I discovered this poem when I was researching antique stained glass sundials and I came to the initial conclusion that Ovid’s prose is visually interpreted on Blaeu’s world map from the mid-1600s (detail above). Late last night I found both the latin and translated version of the poem, so I decided to do something I wish there was more of on the internet: a side by side layout which shows the original Latin on the left and the translated English on the right.
To add a unique visual element to the poem, I made the line number (which came from the Latin text) the color of the English translation. This involved quite a bit of manual coding, but I think it makes the latin / english comparison easier and slightly more visually engaging. By using red & white type face and numerical indention, the layout looks like a creve coeur or broken heart when scrolling. I bolded one section for emphasis related it’s discovery [hint: around line #185].
There are a few translation discrepancies that I’ve found thus far and there are many others which come across slightly convoluted and require more inquiry, but overall the poem is quite interesting. It includes topics like tree grafting (Genetic Engineering Version 1.0), having multiple lovers, travelling, and what to do and not to do when getting over a relationship. It’s interesting how much things have changed in the last 2,000 years, and as cliche as it may sound, how much our emotions have stayed the same. We all face the same relationship troubles and like Ovid, there will always be people telling you how to deal with them.
If you’ve got about 45 minutes to spare, here is Ovid’s Remedia Amoris / The Cure For Love
(You might need to widen your browser window to view the on-line polyglot correctly — it was originally design for a previous layout on this website. Drag the lower right hand corner to make the screen wider. Some browsers you can adjust the font size to achieve a similar result.)
An updated Armillary Sphere
|| 9/28/2007 || 8:54 pm || Comments Off on An updated Armillary Sphere || ||
Above is an Armillary Sphere, which was used in ancient times as a celestial calendar. Created prior to the orrey, which is a helio-centric model, the Armillary Sphere allowed it’s user to know where the moon was in relation to the earth. It also featured a zodiac, which I’ve been playing with earlier this year.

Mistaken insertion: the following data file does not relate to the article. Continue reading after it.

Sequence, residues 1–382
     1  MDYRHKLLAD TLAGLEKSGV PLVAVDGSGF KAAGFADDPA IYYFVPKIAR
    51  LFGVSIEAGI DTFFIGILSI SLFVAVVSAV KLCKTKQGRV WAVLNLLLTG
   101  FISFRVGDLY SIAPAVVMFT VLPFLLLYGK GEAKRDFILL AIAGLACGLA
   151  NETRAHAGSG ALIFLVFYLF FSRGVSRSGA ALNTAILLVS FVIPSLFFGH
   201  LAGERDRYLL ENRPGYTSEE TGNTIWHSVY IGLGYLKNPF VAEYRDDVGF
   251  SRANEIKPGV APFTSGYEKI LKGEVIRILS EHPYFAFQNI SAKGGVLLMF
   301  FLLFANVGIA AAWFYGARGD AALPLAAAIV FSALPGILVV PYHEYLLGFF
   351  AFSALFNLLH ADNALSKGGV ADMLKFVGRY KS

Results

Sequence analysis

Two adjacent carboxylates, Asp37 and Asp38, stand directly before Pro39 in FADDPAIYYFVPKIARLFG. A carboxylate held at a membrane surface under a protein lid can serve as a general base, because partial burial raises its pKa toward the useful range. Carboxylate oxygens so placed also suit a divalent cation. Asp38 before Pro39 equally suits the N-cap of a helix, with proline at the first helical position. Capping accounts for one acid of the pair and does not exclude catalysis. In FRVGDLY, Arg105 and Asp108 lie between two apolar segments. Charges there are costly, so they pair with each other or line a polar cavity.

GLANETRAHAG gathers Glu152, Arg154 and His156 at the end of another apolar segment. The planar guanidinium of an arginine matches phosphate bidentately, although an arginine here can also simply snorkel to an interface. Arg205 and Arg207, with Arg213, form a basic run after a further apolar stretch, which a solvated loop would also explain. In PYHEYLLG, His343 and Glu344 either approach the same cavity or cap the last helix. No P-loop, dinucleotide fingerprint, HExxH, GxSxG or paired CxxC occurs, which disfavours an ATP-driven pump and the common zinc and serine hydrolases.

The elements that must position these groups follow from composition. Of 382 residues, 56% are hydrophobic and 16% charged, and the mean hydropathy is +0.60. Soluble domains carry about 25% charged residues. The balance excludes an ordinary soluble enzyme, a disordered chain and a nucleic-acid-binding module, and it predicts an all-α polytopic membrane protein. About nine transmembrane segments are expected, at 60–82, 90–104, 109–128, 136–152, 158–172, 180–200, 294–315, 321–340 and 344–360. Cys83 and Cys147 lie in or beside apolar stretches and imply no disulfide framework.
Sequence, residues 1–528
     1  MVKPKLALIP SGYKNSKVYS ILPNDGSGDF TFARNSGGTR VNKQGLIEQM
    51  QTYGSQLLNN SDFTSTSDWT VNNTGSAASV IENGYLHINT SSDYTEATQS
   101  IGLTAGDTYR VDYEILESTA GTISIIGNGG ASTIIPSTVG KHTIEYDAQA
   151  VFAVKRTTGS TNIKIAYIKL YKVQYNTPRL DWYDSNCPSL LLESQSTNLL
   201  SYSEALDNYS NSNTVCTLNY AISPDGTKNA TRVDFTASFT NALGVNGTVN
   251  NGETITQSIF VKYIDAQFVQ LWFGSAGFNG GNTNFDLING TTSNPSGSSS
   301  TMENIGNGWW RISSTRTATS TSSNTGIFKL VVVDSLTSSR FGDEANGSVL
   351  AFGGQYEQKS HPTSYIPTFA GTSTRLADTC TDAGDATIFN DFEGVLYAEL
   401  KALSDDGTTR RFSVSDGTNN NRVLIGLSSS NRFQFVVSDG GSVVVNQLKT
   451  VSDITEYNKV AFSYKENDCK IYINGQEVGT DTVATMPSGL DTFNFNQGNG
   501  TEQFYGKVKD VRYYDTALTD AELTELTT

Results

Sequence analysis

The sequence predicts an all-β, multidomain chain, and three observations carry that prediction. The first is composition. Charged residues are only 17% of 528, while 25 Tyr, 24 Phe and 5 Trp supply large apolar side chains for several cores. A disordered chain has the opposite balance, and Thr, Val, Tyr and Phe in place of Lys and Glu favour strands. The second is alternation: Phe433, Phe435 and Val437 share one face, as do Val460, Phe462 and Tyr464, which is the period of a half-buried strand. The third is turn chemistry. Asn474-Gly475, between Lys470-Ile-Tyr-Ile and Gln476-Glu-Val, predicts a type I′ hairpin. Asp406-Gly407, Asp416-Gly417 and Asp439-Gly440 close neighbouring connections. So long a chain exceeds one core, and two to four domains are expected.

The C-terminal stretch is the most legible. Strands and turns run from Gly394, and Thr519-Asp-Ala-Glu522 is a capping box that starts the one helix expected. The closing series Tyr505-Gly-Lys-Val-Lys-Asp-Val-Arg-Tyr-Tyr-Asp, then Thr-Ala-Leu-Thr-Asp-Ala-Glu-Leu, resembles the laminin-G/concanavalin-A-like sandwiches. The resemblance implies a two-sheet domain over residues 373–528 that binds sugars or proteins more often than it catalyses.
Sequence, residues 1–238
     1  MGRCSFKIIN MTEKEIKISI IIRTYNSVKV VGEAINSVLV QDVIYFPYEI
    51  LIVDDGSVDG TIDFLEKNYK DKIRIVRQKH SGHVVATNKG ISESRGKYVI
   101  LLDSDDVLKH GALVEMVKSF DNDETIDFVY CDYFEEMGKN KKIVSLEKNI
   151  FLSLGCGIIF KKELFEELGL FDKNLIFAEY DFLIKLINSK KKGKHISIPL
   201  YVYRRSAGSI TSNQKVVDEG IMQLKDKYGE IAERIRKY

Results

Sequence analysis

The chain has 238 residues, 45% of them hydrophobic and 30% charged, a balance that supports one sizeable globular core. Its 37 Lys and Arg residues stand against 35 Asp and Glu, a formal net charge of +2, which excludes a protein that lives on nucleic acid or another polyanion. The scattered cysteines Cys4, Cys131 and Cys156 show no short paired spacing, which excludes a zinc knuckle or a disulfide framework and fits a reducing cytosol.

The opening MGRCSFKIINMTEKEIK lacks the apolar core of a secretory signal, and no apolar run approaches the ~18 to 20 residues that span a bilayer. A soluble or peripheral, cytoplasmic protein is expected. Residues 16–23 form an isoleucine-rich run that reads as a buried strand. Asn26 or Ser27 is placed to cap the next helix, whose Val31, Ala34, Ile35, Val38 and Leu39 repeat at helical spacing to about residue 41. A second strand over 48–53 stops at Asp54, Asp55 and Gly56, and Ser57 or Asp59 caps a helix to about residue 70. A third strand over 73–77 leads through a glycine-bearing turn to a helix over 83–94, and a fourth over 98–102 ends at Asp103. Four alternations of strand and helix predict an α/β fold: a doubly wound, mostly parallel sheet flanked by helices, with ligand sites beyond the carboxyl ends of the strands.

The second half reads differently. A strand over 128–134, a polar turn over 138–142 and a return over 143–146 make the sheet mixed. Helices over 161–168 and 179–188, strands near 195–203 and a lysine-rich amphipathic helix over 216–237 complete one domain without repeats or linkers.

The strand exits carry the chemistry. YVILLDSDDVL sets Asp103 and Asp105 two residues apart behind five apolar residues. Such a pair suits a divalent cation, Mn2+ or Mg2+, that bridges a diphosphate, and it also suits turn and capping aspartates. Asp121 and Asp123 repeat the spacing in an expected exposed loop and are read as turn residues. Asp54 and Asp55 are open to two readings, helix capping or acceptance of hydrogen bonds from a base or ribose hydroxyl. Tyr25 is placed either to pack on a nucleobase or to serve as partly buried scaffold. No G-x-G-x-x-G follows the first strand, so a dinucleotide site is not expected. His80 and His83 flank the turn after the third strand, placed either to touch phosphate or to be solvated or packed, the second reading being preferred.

To make the above image, I edited the public domain engraving on the Wikipedia page and added a very tiny NASA Blue Marble satellite image of the western hemisphere of the earth. I am probably going to add this image to this website’s splash page, which will knock the total number of visual combinations to over 3,000! I’d like to make a few more first. The U.S. Naval Observatory’s logo gave me some ideas :-).
Since May I’ve been very interested in old maps and the scientific instruments that were used. When I discovered Julius Schiller, who published Coelum Stellatum Christianum (which replaced pagan constellations with biblical and early Christian figures), I began to take quite an interest in celestial cartography.
Around that same time my next door neighbor, thinking that my cartographic expertise had to do with astronomy, offered to let me borrow his children’s telescope. Since then (about mid-August) I’ve been looking to the night sky about once a week; much to my enjoyment. Last week was a highlight because we met on the rooftop and set up the telescope. I showed him and his kids how to use the telescope and was able to show them the moon for the first time. DC has quite a bit of light pollution which makes celestial observances quite tough. The neighborhood watch was even in effect because my housemate said people from the street over knocked on our door warning her about people on the roof.
My favorite night sites are Venus and the Moon, simply because they are the easiest to find. I really want to see Mars, Saturn, or Jupiter. But I’ll just have to wait until the night’s right (or I have ample patience). Ironically, a week after my neighbor brought over the telescope, the new version of Google Earth came out with an integrated celestial viewer.
I have more to write about my nightly observations and research I’ve been dabbling in at a later date.